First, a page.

A cynical illustrator talks about the cultural influences of her art – The Vermont Cynic

Senior Sofia Gratton, a cynical illustrator and freelance artist, said elements of her artwork were significantly influenced by her Hispanic heritage.

Gratton, who is Hispanic, created several mini illustrations for the Cynic website in celebration of Hispanic Heritage Month. A few of these illustrations were inspired by Mexican tiles and historical artwork, Gratton said.

The tradition of the Mexican glazed tile, or talavera, dates back to the early 1700s, according to a 2014 study Monthly newspaper article on ceramics. The pottery is usually glazed in white and blue and has a mixture of Islamic, Italian, Spanish and indigenous Mexican artistic influences.

With both parents from Mexico and her architect father, Gratton feels a strong sense of family identity both in relation to her cultural background and in relation to her identity as an artist, she said.

Some techniques popular in Mexican art, such as specific color combinations and Day of the Dead imagery, carry over into Gratton’s personal style, she said.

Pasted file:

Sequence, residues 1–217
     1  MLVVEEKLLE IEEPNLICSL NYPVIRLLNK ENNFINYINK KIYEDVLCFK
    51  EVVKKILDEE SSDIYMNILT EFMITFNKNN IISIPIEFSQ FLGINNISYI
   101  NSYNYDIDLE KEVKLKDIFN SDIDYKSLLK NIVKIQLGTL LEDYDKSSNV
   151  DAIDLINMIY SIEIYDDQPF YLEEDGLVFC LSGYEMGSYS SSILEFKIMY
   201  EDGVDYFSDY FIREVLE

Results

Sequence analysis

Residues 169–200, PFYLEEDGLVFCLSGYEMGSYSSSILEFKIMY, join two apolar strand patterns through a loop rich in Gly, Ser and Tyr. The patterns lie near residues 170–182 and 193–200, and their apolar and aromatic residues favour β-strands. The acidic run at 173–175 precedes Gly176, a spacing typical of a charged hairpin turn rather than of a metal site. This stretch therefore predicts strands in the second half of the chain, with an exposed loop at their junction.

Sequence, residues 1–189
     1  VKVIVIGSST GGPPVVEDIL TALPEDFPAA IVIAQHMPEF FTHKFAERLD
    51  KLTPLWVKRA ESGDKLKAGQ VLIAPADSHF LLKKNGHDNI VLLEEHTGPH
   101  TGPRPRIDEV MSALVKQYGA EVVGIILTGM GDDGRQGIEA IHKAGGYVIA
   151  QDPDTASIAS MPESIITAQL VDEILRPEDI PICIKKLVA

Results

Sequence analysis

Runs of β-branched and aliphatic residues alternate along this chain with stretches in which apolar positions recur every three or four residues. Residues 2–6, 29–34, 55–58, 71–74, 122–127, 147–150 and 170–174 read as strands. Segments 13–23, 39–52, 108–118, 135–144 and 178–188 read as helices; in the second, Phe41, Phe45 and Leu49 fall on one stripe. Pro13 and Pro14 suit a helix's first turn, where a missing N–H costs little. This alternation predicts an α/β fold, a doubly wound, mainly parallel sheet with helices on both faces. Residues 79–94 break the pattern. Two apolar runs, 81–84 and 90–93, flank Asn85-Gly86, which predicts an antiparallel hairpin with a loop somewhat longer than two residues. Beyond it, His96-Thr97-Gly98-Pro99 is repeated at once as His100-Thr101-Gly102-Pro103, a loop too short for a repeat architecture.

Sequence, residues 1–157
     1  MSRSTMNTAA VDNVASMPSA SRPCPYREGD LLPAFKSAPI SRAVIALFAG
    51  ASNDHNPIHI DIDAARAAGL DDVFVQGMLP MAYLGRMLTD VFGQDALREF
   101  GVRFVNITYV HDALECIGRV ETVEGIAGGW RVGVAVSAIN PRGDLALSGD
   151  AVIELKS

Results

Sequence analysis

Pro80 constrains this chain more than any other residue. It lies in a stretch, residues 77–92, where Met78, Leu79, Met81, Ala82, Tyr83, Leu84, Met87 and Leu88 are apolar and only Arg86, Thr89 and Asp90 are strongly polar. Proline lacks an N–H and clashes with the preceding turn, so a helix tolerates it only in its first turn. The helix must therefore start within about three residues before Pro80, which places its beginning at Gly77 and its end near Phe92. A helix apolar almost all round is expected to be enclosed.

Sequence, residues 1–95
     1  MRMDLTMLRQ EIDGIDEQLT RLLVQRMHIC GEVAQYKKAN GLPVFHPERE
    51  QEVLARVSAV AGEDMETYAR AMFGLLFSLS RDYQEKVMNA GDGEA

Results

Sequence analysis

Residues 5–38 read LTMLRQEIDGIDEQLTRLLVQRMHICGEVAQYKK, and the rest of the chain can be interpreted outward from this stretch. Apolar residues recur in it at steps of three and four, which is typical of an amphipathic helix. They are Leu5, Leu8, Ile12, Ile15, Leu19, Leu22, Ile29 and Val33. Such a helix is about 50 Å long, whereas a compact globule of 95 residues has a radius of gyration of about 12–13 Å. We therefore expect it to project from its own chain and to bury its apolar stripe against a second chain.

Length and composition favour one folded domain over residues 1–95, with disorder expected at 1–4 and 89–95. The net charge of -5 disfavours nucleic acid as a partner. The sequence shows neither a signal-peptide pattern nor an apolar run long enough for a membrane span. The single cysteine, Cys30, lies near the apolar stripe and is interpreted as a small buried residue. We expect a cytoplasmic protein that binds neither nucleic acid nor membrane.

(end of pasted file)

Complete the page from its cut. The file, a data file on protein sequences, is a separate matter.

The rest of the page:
“I definitely feel the influence when it comes to colors and shapes and stuff like that,” Gratton said. “I was inspired a lot by things that I encountered a lot more at home.”

Even though Gratton moved from Southern California to Colorado as a child, she had an ongoing connection to Mexico and her Mexican family members, she said.

Now living in Vermont, Gratton feels a bit removed from Mexican lifestyles, she said.

Although she is far from her family, Gratton believes that by making art that shows a visual influence of her heritage, she can bring her identity with her wherever she goes, she said.

“I can kind of preserve it, and myself,” she said. “I am my own Mexican family.”

About Oscar L. Smith

Check Also

The Phillies’ art of ‘cleaning up’ will be put to the test with a must-see Game 6 against the Astros | Sports

PHILADELPHIA — The Phillies like to use the phrase “flush.” After a tough loss — …